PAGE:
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Electronic voting machines on the way to Hays County
By JEFF WALKER - Staff Reporter
Posted: Wednesday, Jun 23, 2004 - 03:42:55 pm CDT

Electronic voting machines are on their way to Hays County.

On Tuesday, the Hays County Commissioners Court approved the purchase of 275 eSlate voting machines, valued at approximately $2,000 apiece. The machines will be bought under a lease to purchase agreement, paid out at $200,000 a year for five years.

The Texas Secretary of State recently sent a grant of $111,727.70 to Hays County to go towards the new machines, and approximately $97,000 in federal money could be sent as part of a punch card buy out program. Punch Card Systems were recently outlawed by January of 2006 under the Help America Vote Act (HAVA), forcing states to go electronic.

Residents may see these machines in November's primary election, but only as a "practice run" to help acquaint voters with this method. These machines will not be used live until January of 2006. Cowan said that she hopes to use these machines throughout 2005 to educate voters.

"I want to go to all walks of life in the county to educate voters so they're not intimidated," Cowan said.

The eSlate machines, manufactured by Hart Intercivic out of Austin, are five pound units with a full color high resolution display where voters can highlight through the candidates and press ENTER to cast their vote. The Eslate machine prevents overvoting and alerts voters of undervoting before they are presented with their clear summary for verification purposes. A display of a waving American Flag then symbolizes the end of the voting process.

A "touch button" method is used rather than "touch screen" method, eliminating screen calibration problems.

The eSlate also produces paper trail capabilities, and offers a variety of different recount methods, according to Michelle Shafer, director of marketing for Hart Intercivic. County Commissioner Susie Carter said that this capability was very important to her.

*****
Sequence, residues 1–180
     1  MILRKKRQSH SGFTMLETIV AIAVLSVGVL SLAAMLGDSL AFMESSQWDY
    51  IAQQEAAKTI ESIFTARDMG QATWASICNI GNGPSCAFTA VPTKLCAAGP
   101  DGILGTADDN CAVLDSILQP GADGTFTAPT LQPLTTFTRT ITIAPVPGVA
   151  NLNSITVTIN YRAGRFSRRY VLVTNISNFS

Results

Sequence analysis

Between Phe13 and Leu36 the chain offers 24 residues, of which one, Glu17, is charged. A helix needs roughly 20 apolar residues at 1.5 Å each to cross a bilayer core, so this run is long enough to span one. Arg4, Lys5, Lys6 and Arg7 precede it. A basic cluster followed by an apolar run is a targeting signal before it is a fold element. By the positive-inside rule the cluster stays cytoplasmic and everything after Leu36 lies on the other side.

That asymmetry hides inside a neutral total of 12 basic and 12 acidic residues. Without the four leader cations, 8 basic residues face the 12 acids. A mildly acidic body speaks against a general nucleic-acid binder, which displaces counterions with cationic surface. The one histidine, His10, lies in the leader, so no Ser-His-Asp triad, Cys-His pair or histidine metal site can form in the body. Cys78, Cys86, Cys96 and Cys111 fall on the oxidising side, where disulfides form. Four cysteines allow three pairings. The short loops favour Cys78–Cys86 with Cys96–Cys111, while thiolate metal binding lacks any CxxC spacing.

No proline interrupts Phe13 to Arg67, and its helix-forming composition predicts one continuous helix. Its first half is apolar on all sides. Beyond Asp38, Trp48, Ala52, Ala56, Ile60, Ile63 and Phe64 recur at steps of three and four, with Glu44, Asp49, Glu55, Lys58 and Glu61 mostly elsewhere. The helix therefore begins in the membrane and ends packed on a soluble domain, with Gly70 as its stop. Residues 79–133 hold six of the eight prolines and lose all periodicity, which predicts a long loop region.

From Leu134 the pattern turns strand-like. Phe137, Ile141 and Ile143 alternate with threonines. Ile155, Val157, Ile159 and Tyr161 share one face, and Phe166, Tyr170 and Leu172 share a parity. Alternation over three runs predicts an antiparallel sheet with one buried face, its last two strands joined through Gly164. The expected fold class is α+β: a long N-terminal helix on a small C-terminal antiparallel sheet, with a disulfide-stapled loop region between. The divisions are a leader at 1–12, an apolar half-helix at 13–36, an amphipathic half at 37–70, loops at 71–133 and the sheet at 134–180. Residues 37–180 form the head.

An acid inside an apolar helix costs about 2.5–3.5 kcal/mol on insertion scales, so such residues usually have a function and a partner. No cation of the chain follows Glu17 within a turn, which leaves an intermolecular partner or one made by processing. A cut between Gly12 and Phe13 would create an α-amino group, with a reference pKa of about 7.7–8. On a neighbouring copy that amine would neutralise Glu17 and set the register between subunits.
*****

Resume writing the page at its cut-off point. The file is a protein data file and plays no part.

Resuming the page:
"There really needs to be a paper trail," Carter said. "If someone wants a recount, you need this option to feel confident."

Though Texas does not currently require a paper trail, the state of California, amid its difficulties with electronic machines, recently passed legislation requiring that option.

In March of this year, approximately 200 of California's Alameda County's 1,096 precincts were delayed or turned away from polling places because of glitches with the Diebold voting system. Problems with Diebold systems were reported in Maryland as well.

"Many of Diebold's missteps caused all electronic voting vendors to be painted with the same brush," Shafer said.

Cowan said that she was completely convinced that these were the safest machines on the market. eSlates are not hooked up to the telephone or the Internet, and Cowan said that there was no way that someone could hack through the system to change votes.

Travis County began using eSlate machines last September. Travis County Clerk Dana DeBeauvoir said that eSlate voting systems were more accurate and tamper-proof than any voting method employed in the past.

The HAVA Act was initiated in 2002 by the United States Election Assistance Commission after Florida's difficulties in the 2000 presidential race. About 50 million Americans are expected to use electronic voting this fall.

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